Three days after conceding the loss of his U.S. Senate seat, Alaska Democrat Mark Begich may have hit on just the trick to make him the most popular lame duck ever. On Nov. 20, the soon-to-be ex-senator introduced a bill that would allow voters to block robocalls from certain political organizations by adding super PACs and dark money groups (politically active non-profits that do not disclose donors) to the “Do Not Call Registry” maintained by theFederal Trade Commission. The “Do Not Disturb Act of 2014” comes a little late for this year’s voters, including many in Begich’s state. But an analysis of data — including filings due at the Federal Elections Commission at midnight — using Sunlight’s Real-Time Federal Campaign Finance tracker suggests that such a measure could put a serious crimp in the nation’s gross political product. Outside expenditure filings show that outside groups spent nearly $8 million dialing voters across the nation last year. Because of vagaries in how these calls are described in filings to the FEC, it’s hard to say exactly how many of them were the types Begich would ban: automated “robocalls” or the “push-polls” (faux surveys that attempt to create favorable or — more typically — unfavorable impressions of candidates by the way questions are phrased). Still, we found more than $1 million worth of calls that were explicitly identified as “automated” or “robocalls.”
What started as a Fountain Hills woman’s attempt to protest a local bond issue could lead to the demise of Arizona’s oversight of campaign finances. A federal judge has tossed out the key component of the state’s campaign-finance law, opening the prospect of future elections in which there is no disclosure of who is raising and spending money to influence voters. The state Attorney General’s Office said Monday that it plans to seek a stay of U.S. District Judge James Teilborg’s ruling while state officials contemplate an appeal. Teilborg on Friday ruled that Arizona’s definition of a political committee is unconstitutional because it is vague and overly broad. The definition, which runs 183 words, has resulted in conflicting interpretations from various attorneys and election regulators.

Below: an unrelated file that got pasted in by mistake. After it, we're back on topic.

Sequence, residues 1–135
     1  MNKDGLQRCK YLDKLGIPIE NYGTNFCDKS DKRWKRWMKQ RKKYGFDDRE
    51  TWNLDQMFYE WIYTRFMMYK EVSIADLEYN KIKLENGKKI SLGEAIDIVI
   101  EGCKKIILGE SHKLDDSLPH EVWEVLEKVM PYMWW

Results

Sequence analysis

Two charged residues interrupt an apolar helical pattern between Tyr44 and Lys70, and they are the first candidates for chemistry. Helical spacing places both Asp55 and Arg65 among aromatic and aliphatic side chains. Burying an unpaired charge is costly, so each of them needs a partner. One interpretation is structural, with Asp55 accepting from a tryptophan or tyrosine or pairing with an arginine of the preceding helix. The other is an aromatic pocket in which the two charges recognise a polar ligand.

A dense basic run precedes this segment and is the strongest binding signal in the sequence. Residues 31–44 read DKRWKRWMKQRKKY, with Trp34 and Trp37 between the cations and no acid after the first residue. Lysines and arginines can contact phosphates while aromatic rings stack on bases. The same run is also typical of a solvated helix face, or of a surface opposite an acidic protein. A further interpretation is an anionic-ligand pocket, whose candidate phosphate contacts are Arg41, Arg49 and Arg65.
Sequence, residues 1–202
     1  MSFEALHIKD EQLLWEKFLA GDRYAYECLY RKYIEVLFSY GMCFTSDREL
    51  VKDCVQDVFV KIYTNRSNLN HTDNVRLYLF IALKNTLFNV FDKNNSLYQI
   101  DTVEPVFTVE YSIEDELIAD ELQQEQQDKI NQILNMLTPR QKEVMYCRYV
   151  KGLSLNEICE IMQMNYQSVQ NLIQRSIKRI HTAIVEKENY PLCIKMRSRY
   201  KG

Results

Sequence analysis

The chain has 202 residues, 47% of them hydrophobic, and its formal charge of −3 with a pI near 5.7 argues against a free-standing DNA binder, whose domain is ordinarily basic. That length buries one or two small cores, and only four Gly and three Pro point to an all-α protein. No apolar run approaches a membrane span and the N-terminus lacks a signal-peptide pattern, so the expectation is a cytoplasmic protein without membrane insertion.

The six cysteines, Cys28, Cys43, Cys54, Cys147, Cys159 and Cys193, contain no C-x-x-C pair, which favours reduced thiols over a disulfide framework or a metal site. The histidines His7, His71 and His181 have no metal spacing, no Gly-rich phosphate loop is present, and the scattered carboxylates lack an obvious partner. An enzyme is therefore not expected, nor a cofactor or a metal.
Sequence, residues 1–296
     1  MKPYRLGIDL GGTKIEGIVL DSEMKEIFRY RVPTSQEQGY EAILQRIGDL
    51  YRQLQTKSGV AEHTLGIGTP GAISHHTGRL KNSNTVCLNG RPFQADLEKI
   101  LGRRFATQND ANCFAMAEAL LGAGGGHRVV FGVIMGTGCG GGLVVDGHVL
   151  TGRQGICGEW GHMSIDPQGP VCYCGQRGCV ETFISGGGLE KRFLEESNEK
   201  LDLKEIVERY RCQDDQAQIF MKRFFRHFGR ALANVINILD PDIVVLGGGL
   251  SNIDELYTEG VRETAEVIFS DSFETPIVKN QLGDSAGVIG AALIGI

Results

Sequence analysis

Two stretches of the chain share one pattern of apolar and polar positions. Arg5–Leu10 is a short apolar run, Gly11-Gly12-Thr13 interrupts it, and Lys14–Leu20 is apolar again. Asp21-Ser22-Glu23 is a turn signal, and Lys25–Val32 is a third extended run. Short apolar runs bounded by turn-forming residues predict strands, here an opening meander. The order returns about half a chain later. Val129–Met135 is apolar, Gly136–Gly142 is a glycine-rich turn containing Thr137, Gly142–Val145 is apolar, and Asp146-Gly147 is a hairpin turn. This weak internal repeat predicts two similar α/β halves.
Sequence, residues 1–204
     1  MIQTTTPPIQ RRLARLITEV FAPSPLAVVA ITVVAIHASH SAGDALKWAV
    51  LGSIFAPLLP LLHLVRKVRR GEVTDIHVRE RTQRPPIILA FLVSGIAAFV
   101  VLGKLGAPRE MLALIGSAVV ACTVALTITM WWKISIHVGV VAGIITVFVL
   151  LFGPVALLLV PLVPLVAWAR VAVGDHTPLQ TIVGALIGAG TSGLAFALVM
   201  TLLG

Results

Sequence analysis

Arizona: Groups no longer required to disclose money sources to Secretary of State’s Office | Arizona Capitol Times
A federal judge late Friday voided state laws requiring groups to register before spending money on campaigns – and with it, the reports they’re supposed to file on who is behind all that cash. Judge James Teilborg accepted arguments by challengers that the statute dictating who must register is “vague, overbroad, and consequently unconstitutional in violation of the First Amendment.” Teilborg said that means it cannot be enforced.
Deputy Secretary of State Jim Drake said his office will ask Teilborg to delay the effect of the ruling to provide a chance for an appeal. If nothing else, Drake said his office needs time to figure out how badly this undermines years of laws designed to give the public a better idea of who is contributing to political campaigns. But Drake said he’s not optimistic. “It does kind of turn campaign finance on its head,” he said. At the very least, Drake said Teilborg’s order eliminates the requirements for disclosure of funding by groups pushing or opposing ballot measures. It is not unusual for these campaigns to cost millions of dollars. But attorney Paul Avelar of the Institute for Justice said he reads the ruling to apply to all the independent groups pushing to elect or defeat candidates.
A bipartisan committee has been appointed by the Board of Selectmen to review the recent election process, which was marred by long delays in reporting results, incorrect ballots and a vote-scanner breakdown. The review, First Selectman Michael Tetreau said at last week’s board meeting, “is not a witch hunt. This is about the process.” The registrars of voters, Republican Roger Autuori and Democrat Matthew Waggner, who by state law oversee elections in town, have been at odds for several years and work in separate offices in old Town Hall. Autuori was charged with breach of peace after the two had a dispute while preparing for the 2013 election, and Waggner told police Autuori had slapped him. Later, Autuori reported Waggner to police for ripping down signs directing the public to Autuori’s new second-floor office. “This is not a witch hunt,” agreed Selectman Kevin Kiley. “We’re just trying to raise awareness and maintain the integrity” of the election process.
Florida: With Senate redistricting lawsuit pending, court releases disputed documents | Tampa Bay Times